SHANGHAI • China granted additional quota for funds to invest in securities overseas for the first time in three years, easing capital curbs and further opening its US$40 trillion (RM160 trillion) financial sector.
The Qualified Domestic Institutional Investor (QDII) quota was bumped to US$98.33 billion as of April 24 from US$89.99 billion, the first increase since March 2015, data from the State Administration of Foreign Exchange showed yesterday. The change followed similar approvals, which more than doubled the quota for two outbound portfolio investments, announced earlier.
A strengthening currency gave policymakers the confidence to allow more capital to flow out of the country, easing a policy of tough restrictions. The move also fits in with President Xi Jinping’s push for deeper integration with the global financial system, an initiative that’s seen China unveiling plans to further open up to foreign competition even as trade tensions flared.
“This shows the policymakers are no longer concerned with yuan weakness and are confident that the currency market will withstand some capital outflows,” said Gao Qi, Singapore-based strategist at Scotia-bank. “China will continue to relax capital curbs — it will allow more outflows while seeking to attract foreign investors onshore. But the pace will be gradual, and the policymakers will have a risk averse attitude.”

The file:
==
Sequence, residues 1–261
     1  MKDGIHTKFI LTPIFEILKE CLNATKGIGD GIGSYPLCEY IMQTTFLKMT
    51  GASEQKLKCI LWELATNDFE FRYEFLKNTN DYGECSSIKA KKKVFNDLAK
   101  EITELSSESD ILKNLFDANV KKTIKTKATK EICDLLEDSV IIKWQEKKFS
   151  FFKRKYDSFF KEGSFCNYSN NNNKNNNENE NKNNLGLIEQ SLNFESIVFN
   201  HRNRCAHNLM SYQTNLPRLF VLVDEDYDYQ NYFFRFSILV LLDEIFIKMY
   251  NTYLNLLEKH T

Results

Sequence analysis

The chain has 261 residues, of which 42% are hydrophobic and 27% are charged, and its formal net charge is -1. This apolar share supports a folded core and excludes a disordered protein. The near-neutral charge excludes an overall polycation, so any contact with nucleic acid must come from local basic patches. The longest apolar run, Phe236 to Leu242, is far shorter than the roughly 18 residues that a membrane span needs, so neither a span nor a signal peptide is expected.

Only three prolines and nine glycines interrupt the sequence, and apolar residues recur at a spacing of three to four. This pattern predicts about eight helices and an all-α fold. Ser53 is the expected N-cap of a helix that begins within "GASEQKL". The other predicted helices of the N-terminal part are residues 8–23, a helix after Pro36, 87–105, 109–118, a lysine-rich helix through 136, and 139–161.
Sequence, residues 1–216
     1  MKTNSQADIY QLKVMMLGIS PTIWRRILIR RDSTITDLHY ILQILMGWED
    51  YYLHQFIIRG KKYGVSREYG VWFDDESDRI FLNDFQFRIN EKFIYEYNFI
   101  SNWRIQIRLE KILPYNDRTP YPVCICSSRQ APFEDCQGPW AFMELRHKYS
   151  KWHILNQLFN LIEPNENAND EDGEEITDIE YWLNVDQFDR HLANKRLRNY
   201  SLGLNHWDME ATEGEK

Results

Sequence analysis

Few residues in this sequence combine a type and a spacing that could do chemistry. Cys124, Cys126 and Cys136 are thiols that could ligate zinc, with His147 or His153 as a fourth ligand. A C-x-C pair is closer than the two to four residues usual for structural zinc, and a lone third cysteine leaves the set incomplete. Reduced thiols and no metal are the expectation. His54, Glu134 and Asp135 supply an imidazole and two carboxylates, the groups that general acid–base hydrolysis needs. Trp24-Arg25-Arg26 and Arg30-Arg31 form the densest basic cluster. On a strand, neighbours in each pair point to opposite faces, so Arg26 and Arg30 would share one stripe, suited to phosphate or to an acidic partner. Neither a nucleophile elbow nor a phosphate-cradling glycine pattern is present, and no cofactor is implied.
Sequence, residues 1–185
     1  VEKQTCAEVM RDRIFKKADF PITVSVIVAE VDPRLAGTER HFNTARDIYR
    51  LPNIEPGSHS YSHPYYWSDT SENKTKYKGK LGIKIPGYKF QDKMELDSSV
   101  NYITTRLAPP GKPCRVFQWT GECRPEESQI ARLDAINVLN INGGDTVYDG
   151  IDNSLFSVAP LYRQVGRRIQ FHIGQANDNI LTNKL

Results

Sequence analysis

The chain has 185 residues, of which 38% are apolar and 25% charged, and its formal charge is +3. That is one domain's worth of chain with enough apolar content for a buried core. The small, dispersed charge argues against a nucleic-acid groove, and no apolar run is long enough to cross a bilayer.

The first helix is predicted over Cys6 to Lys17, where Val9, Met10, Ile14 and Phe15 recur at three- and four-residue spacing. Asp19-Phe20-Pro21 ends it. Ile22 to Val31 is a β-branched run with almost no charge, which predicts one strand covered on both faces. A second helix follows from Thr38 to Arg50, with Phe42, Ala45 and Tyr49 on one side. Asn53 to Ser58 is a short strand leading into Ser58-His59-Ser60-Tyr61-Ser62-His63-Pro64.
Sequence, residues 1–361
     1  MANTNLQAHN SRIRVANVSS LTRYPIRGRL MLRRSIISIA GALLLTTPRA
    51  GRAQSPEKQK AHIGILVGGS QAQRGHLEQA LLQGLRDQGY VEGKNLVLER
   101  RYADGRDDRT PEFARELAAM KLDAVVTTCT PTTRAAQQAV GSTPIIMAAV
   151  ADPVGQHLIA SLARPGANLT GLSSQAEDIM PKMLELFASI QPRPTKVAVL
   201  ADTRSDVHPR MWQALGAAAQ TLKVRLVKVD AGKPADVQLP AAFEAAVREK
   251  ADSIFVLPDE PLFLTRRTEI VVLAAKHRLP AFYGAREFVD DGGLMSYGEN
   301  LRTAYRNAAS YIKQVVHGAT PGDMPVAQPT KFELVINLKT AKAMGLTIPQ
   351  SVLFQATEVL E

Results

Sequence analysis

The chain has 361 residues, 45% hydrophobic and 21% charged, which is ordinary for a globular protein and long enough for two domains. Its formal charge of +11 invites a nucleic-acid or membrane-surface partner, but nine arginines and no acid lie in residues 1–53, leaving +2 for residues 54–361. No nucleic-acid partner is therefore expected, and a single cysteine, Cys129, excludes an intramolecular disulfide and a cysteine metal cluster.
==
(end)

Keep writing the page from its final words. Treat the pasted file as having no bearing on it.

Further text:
People’s Bank of China governor Yi Gang pledged to accelerate the market opening in a speech earlier this month, including widening foreign banks’ access, increasing daily quotas in stock connects and removing restrictions on joint securities firms to allow them to take majority stakes in local joint ventures. Some ownership limits would be lifted as soon as June 30, Yi said.
“Opening-up is a buzz word this year, and the latest policy relaxations show the government’s commitment to it,” said Tommy Xie, an economist at Oversea-Chinese Banking Corp in Singapore. “Regulators’ mindset has shifted from expanding inflows to keep- ing the portfolio flows more balanced, now that the yuan stabilises.”
“The move shows China is confident that the yuan will continue to appreciate, so that it has the policy leeway to allow domestic investors to diversify more into the overseas assets,” said Iris Pang, economist at ING Bank NV in Hong Kong.
“This is part of China’s efforts to further liberalise the financial sector,” said Khoon Goh, head of Asian research at Australia & New Zealand Banking Group Ltd in Singapore. “With capital flows in better balance, and the prospect of a structural increase in foreign inflows due to the upcoming MSCI equity index inclusion and Bloomberg Barclays Global Aggregate Bond Index inclusion from next year, the authorities see room to allow some increase in outflows to offset the pending inflows.”
“This is in part a reflection of confidence that portfolio flows are getting more balanced and outflows risks have reduced meaningfully,” said Christy Tan, Singapore-based head of Asia markets strategy at National Australia Bank Ltd. “Some capital controls will likely remain in place, as a continued safeguard in case of shocks.”
The onshore yuan declined 0.2% to 6.3202 per dollar at 6pm in Beijing yesterday, after touching 6.3240, the weakest level in a month.
The QDII programme applies to domestic Chinese funds as well as foreign firms that are licensed to operate in China. — Bloomberg